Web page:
Internet Heavies Mum on China’s Censorship


Internet powerhouses Microsoft, Google, Yahoo and Cisco have all declined
offers to testify at Wednesday’s Congressional Human Rights Caucus briefing
on China’s Internet censorship policies.


Google last week raised the ire of human rights groups by agreeing to Beijing’s censorship demands in exchange for the rights to launch Google.cn, the search engine giant’s latest effort to reach the world’s fastest growing Internet market.


Microsoft and Yahoo have also been
under attack for giving in to China’s demands to censor search results.


Congressional caucuses are informal interest groups of Capitol Hill
lawmakers and are not a part of any standing committees. Caucus groups have
no subpoena power to compel testimony.


Google spokesman Steve Langdon said in an e-mail, “We offered to participate
in the caucus meeting on a different date, but the caucus wasn’t able to
change the date, which we understand.”


Langdon added, “We have already had staff briefings with both House and
Senate members of this caucus and we’ll be submitting a statement for their
meeting.”


Microsoft spokesman Ginny Terzano said in an e-mail statement, “We informed
The … caucus that we would not be able to provide them with an expert witness
this Wednesday.”

Cisco spokesman John Earnhardt said the
caucus’s short-notice invitation and the release of the company’s quarterly
earnings report prevented Cisco from participating in the caucus briefing.


Yahoo also confirmed it would not be at the Wednesday hearing.


All four companies said they have already agreed to testify at a House
mid-February subcommittee hearing on the same issue.


As the U.S. and China continue to build economic ties, human rights groups
have grown concerned that Beijing, instead of promoting greater freedom of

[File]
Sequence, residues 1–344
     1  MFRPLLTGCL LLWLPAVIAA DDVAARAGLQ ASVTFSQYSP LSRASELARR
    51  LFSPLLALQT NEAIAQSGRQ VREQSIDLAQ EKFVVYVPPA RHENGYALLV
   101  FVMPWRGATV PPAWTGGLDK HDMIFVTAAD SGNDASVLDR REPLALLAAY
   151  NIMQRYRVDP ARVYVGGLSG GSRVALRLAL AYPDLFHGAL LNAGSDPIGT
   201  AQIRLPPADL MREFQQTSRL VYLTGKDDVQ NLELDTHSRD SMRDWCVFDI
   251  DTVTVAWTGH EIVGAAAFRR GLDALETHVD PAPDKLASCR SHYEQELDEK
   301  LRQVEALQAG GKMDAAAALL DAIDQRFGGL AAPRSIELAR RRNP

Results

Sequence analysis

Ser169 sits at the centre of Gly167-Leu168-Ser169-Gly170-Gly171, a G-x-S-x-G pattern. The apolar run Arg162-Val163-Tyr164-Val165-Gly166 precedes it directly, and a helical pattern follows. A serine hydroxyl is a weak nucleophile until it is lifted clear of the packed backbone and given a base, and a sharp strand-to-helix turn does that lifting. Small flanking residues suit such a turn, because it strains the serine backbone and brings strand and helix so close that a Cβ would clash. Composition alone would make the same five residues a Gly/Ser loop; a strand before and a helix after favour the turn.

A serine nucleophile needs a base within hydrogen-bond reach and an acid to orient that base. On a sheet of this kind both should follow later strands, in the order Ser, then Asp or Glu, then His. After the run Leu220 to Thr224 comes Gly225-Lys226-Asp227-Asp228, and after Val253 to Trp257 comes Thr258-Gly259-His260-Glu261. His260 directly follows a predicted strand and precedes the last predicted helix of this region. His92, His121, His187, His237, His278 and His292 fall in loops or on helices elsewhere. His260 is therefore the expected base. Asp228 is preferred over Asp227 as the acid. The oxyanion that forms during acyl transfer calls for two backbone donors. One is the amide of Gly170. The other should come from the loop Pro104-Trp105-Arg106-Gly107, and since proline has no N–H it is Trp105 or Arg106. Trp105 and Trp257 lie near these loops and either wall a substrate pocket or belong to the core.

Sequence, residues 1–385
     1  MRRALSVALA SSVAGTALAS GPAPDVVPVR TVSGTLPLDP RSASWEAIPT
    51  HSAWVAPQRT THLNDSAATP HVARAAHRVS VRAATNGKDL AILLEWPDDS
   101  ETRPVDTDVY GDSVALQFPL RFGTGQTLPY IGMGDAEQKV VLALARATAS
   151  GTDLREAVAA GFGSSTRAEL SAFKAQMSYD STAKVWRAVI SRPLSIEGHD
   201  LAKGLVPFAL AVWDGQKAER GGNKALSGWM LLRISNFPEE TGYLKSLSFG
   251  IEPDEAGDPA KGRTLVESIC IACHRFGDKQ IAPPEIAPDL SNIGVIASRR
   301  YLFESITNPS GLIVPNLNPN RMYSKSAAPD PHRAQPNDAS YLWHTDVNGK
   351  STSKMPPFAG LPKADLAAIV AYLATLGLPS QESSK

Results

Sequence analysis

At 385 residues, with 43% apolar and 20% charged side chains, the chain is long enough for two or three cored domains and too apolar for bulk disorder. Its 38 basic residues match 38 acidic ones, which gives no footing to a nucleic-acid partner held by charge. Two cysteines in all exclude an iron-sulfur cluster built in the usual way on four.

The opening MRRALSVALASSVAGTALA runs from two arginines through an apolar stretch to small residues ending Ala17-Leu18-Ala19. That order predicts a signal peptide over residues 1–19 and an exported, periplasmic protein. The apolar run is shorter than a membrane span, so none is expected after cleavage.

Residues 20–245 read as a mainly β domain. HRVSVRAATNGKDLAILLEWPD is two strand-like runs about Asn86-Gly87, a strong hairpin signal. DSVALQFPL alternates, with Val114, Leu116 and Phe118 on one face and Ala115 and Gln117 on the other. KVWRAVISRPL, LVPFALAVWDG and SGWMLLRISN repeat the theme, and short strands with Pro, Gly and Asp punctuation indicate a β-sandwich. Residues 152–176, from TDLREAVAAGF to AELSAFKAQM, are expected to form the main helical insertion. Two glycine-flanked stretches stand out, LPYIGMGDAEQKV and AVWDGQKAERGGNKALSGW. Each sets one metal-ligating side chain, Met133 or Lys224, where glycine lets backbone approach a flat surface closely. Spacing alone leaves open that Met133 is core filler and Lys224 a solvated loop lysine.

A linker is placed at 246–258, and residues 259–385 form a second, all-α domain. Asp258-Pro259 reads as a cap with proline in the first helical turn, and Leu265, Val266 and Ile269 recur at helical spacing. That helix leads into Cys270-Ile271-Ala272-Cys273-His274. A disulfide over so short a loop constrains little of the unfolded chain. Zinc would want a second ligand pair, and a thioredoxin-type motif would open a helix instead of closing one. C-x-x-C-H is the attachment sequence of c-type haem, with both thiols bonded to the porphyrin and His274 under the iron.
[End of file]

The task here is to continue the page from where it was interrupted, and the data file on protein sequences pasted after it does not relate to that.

speech, has instead continued to heavily censor Internet communications
among its people.


Internet companies that have complied with China’s censorship demands have
become targets for the human rights activists.


Yahoo became one of those targets last year when it gave to Beijing the
e-mail address of Chinese journalist Shi Tao, who was convicted and
sentenced to 10 years in prison for his criticism of the Chinese communist
government.


Other Internet companies have shuttered journalists’ blogs under pressure
from the Chinese authorities and have self-censored their search engines
and blog tools.


Beijing typically requires filtering that blocks search requests for terms
such as “democracy,” “Tiananmen Square,” “Dalai Lama” and “human rights in
China.”


“We do not in any way participate in the censorship of information by
governments,” Cisco’s Earnhardt said. “We comply with all U.S. government
regulations prohibiting the sale of products to certain destinations or to
users who misuse products or resell to prohibited users. Cisco has been and
will continue to be, a key driver of Internet growth in China and worldwide.”


Earnhardt said the router features that Beijing uses to block access to
certain sites are the same technology currently being used by companies,
libraries and schools worldwide to filter content.


“This URL blocking technology is inherent in routers and also functions as a
security feature to block sites that may contain viruses or foster denial of
service (DOS) attacks,” he said.

“Similar functionality is widely available
around the world from both hardware and software vendors. The functionality
can be used for many purposes — but it should be clear that it is content
neutral.”

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